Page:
Rex Sinquefield cannot have his cake and eat it, too.

        • flyover

          I agree with you on Rex. When I see him giving money to someone like Charlie Dooley, you have to wonder. I think you have generalized a cartoon characterization of “the rich.” Henry Ford pioneered the concept of paying his employees enough to buy his product. I doubt if very many of those employees would have considered their Model A’s as crap. The thing that those who continually carp about the “rich” forget is that they do understand that without people able to buy their goods and services, they will fail. I just don’t get the demonization that has emerged from the left. A true capitalist wants everyone to succeed for exactly the reason you presented. They want them to become customers. The problem in America isn’t a change in moral attitudes, it is a global shift in production. During the first 175 years of our country, our educated masses set us apart from the rest of the world where illiteracy reigned. Now, that gap has closed and capital will chase value. The jobs that we used to have here have gone away. Many were chased away by things like environmental laws and regulations that do not exist in those cheap-labor markets. Those jobs are probably not coming back as much as car dealers and retailers and realtors wish they would. The guys I went to high school with who skipped college and got great jobs in the steel mill or the Ford plant are now fighting for jobs that would have gone to teenagers or low skilled workers. It makes me sick, but it isn’t the fault of the rich. It is simply the new global reality. Those who adapt will succeed. Those who don’t will be lucky to get one of those minimum wage jobs. I grew up having to work during my school lunch hours so my brothers and sister could eat free. I got my tennis shoes out of the lost and found. I worked over 40 hours a week in high school to help my family when my dad was disabled. I have no trust funds. I give away over 50% of my taxable income each year and I made dozens of people millionaires and still some of them are unhappy they didn’t make as much as I did developing a service that truly changed people’s lives. You can’t please everyone. I’ve been on both ends of it. Rich is better, no question. But, I’ll be damned if I am going to be ashamed of it.

          • DanieljSTL

            Similar to what I was trying to say earlier, just put into words much more eloquently than I could.

            My grandfather (an Italian immigrant) left school before high school and carried bricks until his back gave out. He then took a union job at the brewery. When he came home, my grandmother (a czech immigrant) took the only car to Deaconess hospital where she worked over night in the cafeteria. They worked their hands to the bone to provide a better life for their kids. My father and two uncles all went on to become successful a business owner, a doctor, and a chemist. They were given an opportunity that was better than the life their parents had, and they ran with it.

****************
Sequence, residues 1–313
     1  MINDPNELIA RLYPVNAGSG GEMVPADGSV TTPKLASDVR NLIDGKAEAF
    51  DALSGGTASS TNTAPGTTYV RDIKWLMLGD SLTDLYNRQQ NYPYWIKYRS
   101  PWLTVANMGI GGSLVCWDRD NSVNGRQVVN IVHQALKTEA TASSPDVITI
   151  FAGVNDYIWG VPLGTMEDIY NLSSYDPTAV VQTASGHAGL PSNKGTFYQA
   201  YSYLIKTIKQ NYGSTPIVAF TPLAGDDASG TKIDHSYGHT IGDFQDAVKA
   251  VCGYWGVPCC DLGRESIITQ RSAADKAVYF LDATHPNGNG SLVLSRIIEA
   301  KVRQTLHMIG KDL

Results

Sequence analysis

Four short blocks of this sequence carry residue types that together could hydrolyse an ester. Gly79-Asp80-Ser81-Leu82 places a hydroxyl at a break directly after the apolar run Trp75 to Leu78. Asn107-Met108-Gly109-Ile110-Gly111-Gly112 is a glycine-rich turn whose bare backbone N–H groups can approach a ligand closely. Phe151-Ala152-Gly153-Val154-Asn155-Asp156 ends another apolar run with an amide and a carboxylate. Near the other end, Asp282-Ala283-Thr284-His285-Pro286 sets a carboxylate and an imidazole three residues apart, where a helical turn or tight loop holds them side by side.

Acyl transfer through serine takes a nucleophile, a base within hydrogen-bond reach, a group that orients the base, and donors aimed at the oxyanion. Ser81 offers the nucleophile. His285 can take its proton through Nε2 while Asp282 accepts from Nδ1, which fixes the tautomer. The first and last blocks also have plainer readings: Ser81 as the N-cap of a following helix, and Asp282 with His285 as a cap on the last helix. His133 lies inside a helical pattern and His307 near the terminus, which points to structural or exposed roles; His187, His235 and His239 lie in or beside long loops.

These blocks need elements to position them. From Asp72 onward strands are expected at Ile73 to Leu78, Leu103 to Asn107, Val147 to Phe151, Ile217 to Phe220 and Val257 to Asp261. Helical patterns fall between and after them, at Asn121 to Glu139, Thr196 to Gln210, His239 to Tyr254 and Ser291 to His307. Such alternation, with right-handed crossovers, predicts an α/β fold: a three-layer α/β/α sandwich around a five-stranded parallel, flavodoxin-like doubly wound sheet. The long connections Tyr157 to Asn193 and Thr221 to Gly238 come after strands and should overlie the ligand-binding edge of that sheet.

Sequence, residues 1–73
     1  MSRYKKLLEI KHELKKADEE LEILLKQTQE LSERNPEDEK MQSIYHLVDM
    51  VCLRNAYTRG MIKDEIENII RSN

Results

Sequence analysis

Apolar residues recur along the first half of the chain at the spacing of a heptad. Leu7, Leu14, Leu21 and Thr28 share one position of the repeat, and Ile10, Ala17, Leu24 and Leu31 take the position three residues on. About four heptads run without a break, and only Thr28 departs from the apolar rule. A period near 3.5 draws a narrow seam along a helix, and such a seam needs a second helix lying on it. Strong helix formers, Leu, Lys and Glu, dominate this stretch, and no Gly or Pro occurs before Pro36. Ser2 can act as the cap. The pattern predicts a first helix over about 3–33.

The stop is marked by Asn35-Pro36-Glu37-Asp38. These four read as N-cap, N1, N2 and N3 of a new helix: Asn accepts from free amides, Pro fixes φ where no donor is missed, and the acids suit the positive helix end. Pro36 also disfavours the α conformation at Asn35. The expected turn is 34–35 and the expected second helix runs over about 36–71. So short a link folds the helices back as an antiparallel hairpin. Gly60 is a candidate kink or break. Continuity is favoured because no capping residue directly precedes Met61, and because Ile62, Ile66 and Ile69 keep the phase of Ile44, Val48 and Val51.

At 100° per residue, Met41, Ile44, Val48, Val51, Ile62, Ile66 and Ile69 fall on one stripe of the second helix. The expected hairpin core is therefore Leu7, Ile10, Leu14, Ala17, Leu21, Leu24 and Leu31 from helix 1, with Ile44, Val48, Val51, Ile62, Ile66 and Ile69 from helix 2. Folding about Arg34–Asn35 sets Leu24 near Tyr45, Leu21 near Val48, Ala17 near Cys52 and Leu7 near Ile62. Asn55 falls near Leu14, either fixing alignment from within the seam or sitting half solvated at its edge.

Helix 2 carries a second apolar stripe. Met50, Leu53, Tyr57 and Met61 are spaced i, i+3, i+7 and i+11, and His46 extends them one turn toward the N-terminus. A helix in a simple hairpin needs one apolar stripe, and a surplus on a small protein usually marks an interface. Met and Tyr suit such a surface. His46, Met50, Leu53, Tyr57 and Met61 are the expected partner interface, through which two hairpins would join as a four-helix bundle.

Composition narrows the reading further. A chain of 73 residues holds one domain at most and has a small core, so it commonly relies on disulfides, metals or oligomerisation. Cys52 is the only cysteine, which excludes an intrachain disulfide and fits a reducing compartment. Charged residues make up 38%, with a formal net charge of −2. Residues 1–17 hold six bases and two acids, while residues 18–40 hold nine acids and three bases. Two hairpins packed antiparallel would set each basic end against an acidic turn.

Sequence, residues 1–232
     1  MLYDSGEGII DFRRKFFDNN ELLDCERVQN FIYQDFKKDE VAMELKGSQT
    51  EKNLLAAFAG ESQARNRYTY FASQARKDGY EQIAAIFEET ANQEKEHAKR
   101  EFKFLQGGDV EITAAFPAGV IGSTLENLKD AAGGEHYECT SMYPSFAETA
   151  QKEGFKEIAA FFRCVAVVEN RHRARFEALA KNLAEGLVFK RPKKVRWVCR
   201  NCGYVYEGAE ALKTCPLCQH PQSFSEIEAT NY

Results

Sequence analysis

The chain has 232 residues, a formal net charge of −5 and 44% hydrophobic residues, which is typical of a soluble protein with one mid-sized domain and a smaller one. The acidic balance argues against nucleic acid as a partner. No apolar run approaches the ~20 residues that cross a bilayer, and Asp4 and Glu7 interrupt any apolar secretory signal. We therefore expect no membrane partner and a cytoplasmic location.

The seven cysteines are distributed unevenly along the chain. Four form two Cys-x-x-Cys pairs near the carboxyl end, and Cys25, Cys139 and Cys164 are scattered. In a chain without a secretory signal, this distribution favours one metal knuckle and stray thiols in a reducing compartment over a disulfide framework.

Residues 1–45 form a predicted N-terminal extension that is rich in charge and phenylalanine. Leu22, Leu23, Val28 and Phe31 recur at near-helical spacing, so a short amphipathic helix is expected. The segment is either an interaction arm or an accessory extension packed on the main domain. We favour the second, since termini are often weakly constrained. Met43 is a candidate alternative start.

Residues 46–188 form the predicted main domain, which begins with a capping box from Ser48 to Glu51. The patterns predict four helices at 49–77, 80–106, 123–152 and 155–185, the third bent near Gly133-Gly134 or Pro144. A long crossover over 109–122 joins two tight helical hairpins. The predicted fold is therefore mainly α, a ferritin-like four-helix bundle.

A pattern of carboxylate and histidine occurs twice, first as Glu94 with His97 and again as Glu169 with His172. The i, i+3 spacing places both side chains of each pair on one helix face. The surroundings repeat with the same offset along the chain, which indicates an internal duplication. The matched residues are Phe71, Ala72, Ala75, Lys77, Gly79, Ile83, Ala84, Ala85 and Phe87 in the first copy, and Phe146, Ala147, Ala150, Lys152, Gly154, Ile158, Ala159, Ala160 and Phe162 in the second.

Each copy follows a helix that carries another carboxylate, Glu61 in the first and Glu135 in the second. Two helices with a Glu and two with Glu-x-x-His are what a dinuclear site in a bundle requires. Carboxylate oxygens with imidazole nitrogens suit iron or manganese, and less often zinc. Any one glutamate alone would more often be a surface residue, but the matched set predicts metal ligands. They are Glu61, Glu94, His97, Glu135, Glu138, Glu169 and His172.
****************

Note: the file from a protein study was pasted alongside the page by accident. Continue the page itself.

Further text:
Because of his efforts, I had better opportunities than my father… better schools. We had 2 cars, safer neighborhood, etc. His business became successful. Are my kids supposed to start all over again? Am I supposed to feel guilty that I’m not going to have to carry bricks until my back gives out? No. I will take the opportunities that I’ve been given, and make sure my daughter has a better shot at life than I had. Maybe she’ll go to private schools. Maybe I’ll be able to buy her a new car, or give her a down payment for her first house….

            The class envy in this country, as promoted by the left, has grown to be completely opposite of what this county used to stand for. Those who have more than others are demonized rather than admired…. unless, of course they are a celebrity, who is rich and famous, only because they’re rich and famous. When I was in school, I learned about great leaders like Jack Welch, or Lee Iacoccia… or Henry Ford. Rich Guys. CEOs. Now all we hear about is “Corporate Greed”, etc.

          • dempster holland

            Obviously, you have never worked for a corporation where
            the top executives give themselves huge bonuses, then fire
            as many low level people as they can and cut the pensions
            and benefits of the rest

          • flyover

            While there was no doubt I used to be poor, I never admitted it. I only felt I just didn’t have any money at that moment. I had no doubt that if hard work was all that was standing between me and money, I wouldn’t have a problem. Poor can also be a state of mind.

          • neroden

            You need to learn about the current crop of corporate CEOs — the Jamie Dimons. They didn’t build anything, they didn’t do anything, they basically just made their money by fraud: defrauding homebuyers, defrauding securities buyers, defrauding their own stockholders.

            This is the Enron economy. And that’s why you’re hearing about corporate greed.

          • DanieljSTL

            I’m sure there are extreme examples of fraud, regardless of the level of employment you look at. There are CEOs who cheat, and others who don’t. There are $8/hr cashiers who do a great job, and others who don’t.

            If we’re going to keep last week’s debate going, let’s take the blinders off a bit and look at the entire picture.